Longevity Part 2

What happened to Part 1? I wrote a longevity blog in 2013 which you can access here.
Further research has allowed me to elaborate on this, so here I bring you Part 2, with Part 3 to come next month. Who knows what amazing information is yet to be discovered, which I could be blogging about in a few years from now? Since living a long, happy, healthy and productive life is a top priority for me, you can be sure that I’ll be writing about, and acting upon, anything that I find out in years to come.

At seventy you are but a child. At eighty you are merely a youth, and at ninety if the ancestors invite you into heaven, ask them to wait until you are 100, then you might consider it. – ancient Okinawan proverb.

Telomeres are now considered by some authors to be the ultimate dictator of our longevity. Telomeres are the little end bits of chromosomes which shorten with each cell replication. However, the telomere length can be increased with a neat little enzyme called telomerase. But before we get on to how telomerase works, let’s take a look at telomeres and think about how they affect us. Remember of course that although researchers (and in particular the 2009 Nobel Prize winners who won for their work on telomeres) like to focus on one thing, it’s never really one thing. We have to focus on everything.

Telomeres shorten with every cell division, and cells can multiply about 50 times before they die. Young people’s telomeres generally are between 8,000 and 10,000 nucleotides long (nucleotides are the building blocks of your chromosomes), but old people may have as few as 5,000 nucleotides making up their telomeres.

Telomeres are shorter in certain disease processes, which has led to the “what came first” question. Is it that the disease-causing processes also shorten the telomeres, or is it that the telomeres just happen to be shorter anyway when the disease rears its head? So far, no one knows. However, it’s interesting to note that telomerase, the enzyme that rebuilds telomeres, can either be stimulated or blocked. Since telomeres seem to hold so many keys for us in relation to whether we age successfully or not, let’s look at how.

Firstly, here are some nutrients that help to lengthen your telomeres, most likely as a result of their action on boosting telomerase. These nutrients also have other beneficial actions that go way past just their activity with telomerase.

Vitamin D. In one study of more than 2,000 women, those with higher vitamin D levels were found to have fewer aging-related changes in their DNA, as well as lowered inflammatory responses. Women with higher levels of vitamin D are more likely to have longer telomeres, and vice versa. This means that people with higher levels of vitamin D may actually age more slowly than people with lower levels of vitamin D. Can you eat it? Not really, unless you want to start eating organ meats and eggs (off the menu here, for obvious reasons). You have to get it from the sun, or supplementation, or both. See last month’s blog for more information.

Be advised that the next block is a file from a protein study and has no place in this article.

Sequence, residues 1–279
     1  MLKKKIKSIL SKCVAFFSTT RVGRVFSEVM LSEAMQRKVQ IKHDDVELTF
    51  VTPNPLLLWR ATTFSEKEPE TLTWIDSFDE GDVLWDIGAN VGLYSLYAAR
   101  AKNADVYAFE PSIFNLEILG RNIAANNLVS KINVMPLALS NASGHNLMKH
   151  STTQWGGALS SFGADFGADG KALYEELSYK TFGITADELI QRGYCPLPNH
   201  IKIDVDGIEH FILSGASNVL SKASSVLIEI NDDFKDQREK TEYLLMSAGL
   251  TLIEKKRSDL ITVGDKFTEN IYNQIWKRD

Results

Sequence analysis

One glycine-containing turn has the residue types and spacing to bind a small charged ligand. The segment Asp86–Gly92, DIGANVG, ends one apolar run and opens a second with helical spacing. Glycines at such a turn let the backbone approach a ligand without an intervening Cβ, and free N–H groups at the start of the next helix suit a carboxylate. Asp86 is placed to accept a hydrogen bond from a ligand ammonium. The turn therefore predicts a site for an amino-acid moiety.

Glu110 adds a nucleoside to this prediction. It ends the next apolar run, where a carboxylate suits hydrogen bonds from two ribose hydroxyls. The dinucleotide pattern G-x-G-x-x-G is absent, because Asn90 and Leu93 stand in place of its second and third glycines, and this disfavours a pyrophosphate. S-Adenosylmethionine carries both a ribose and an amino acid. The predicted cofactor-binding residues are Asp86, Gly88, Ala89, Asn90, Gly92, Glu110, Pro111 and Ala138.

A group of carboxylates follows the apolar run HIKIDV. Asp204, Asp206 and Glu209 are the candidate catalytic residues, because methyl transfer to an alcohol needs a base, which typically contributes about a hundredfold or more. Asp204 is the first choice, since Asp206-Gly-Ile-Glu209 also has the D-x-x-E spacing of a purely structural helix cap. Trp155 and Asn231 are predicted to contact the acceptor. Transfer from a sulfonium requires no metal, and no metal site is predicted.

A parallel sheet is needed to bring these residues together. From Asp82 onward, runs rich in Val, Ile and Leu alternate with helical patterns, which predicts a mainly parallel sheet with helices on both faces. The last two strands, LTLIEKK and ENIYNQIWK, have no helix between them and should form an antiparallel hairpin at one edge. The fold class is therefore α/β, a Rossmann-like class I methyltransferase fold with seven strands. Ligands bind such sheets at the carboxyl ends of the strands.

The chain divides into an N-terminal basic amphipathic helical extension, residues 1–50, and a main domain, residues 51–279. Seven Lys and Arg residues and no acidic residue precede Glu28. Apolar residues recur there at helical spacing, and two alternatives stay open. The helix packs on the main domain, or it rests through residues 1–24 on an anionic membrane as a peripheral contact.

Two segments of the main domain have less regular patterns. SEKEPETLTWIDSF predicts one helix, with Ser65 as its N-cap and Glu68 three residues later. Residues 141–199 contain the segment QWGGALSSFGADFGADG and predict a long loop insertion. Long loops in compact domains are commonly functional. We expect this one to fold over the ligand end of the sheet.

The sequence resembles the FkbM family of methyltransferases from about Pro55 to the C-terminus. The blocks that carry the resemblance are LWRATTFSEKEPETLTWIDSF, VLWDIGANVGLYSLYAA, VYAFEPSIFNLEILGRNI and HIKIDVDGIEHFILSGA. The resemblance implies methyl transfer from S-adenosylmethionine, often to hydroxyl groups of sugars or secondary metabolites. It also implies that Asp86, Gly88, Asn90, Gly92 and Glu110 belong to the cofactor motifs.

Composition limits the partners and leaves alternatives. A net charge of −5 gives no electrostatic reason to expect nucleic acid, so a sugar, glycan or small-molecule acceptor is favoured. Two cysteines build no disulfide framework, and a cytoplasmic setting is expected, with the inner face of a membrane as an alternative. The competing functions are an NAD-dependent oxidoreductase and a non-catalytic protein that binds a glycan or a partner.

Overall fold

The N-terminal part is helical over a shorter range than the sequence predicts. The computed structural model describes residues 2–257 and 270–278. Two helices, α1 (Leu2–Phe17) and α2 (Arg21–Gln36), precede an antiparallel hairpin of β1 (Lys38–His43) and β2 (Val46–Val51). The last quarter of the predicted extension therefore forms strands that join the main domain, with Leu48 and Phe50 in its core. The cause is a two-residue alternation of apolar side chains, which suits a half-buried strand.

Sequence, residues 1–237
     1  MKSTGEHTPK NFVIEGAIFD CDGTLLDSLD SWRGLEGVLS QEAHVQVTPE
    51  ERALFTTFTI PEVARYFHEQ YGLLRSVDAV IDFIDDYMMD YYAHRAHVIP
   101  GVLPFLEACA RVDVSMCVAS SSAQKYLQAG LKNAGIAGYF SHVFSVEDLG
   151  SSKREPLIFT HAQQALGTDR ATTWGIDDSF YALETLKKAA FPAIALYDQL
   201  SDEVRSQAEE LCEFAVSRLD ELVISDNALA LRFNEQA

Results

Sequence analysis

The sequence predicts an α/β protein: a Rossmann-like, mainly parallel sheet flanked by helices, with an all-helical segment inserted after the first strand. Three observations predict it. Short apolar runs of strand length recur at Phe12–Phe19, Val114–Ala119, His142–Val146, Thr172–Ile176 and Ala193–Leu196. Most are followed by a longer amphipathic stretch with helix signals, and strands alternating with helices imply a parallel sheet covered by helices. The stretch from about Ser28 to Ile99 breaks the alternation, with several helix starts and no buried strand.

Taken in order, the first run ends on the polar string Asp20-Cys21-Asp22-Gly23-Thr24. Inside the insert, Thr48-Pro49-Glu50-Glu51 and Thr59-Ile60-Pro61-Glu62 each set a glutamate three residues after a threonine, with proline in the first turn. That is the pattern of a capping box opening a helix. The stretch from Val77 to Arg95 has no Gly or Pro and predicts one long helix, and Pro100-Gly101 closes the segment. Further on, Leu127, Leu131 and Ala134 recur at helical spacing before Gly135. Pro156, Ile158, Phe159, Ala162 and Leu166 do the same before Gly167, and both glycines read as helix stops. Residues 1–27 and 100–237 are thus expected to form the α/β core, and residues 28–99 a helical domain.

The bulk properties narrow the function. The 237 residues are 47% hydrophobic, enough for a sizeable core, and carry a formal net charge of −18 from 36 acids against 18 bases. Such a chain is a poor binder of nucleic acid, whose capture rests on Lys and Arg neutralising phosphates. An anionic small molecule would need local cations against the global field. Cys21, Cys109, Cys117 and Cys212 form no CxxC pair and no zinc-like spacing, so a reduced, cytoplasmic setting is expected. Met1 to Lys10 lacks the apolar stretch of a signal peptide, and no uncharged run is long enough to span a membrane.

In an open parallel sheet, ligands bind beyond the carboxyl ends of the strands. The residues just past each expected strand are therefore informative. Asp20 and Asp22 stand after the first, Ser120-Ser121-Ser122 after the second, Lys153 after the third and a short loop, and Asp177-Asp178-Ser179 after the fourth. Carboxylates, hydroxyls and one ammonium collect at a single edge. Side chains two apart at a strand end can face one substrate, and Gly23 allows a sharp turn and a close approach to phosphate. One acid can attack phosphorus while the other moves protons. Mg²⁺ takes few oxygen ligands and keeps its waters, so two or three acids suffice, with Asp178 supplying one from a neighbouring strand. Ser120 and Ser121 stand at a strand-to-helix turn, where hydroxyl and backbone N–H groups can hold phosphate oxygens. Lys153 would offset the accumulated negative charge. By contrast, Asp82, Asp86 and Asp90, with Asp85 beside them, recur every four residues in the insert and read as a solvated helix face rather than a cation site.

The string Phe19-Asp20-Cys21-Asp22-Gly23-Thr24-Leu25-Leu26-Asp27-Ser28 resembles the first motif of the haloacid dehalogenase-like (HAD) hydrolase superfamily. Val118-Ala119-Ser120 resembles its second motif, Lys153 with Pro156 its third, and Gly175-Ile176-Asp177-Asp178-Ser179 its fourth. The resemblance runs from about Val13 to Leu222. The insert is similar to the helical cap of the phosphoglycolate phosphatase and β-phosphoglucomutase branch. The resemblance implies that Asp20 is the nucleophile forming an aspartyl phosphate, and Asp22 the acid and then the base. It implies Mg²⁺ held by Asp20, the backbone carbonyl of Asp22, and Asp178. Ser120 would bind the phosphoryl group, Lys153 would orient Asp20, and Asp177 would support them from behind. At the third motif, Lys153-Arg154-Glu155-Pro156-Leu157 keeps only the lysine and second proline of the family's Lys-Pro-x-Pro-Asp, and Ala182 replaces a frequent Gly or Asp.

Broad spectrum antioxidants, notably astaxanthin (from algae, rather than fish). It is by far the most powerful carotenoid antioxidant when it comes to free radical scavenging, being 65 times more powerful than vitamin C, 54 times more powerful than beta-carotene, and 14 times more powerful than vitamin E. It’s also far more effective than other carotenoids at “singlet oxygen quenching,” which is a particular type of oxidation. It is 550 times more powerful than vitamin E, and 11 times more powerful than beta-carotene at neutralizing singlet oxygen. Another feature that separates astaxanthin from other carotenoids is that it cannot function as a pro-oxidant. Many antioxidants will act as pro-oxidants (meaning they start to cause rather than combat oxidation) when present in your tissues in sufficient concentrations. This is why you don’t want to go overboard taking too many antioxidant supplements like beta-carotene, for example. Astaxanthin, on the other hand, does not function as a pro-oxidant, even when present in high amounts, which makes it massively beneficial. For those taking this whole-food supplement, you can celebrate – it’s got bioavailable astaxanthin in it.

Lastly, one of the most profound features of astaxanthin is its unique ability to protect the entire cell from damage – both the water-soluble part and the fat-soluble portion of the cell. Other antioxidants usually affect just one or the other. This is due to astaxanthin’s unique physical characteristics that allow it to reside within the cell membrane whilst also protecting the inside of the cell. Can you eat it? Yes. Eat algae. And supplement with this.

Essential fatty acids. Some authors state that one of the top foods for rebuilding telomerase is extra virgin cold pressed olive oil. Make a salad dressing out of it. Don’t cook with it and don’t heat it, since the benefits would be destroyed. You can use EFA supplements as well. I have previously experimented with Echium oil, which gives a good distribution of omega 3, 6 and 9. However I currently use Juice Plus Omega blend which contains omega 3, 5, 6, 7 and 9, and is the most complete plant-based source of essential fats that I have found so far. You can order it here.

Well, that’s enough to be going on with for now. Next month I’ll bring you the lowdown on other aspects of longevity, including an additional list of nutrients that boost telomerase activity.

About Max Tuck

Hippocrates Health Educator. Long term living foods vegan. Athlete, lecturer, author of four books (with the 5th coming soon) and firm advocate of healthy living.
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1 Response to Longevity Part 2

  1. Pingback: Longevity Part 3 | The Raw Food Scientist

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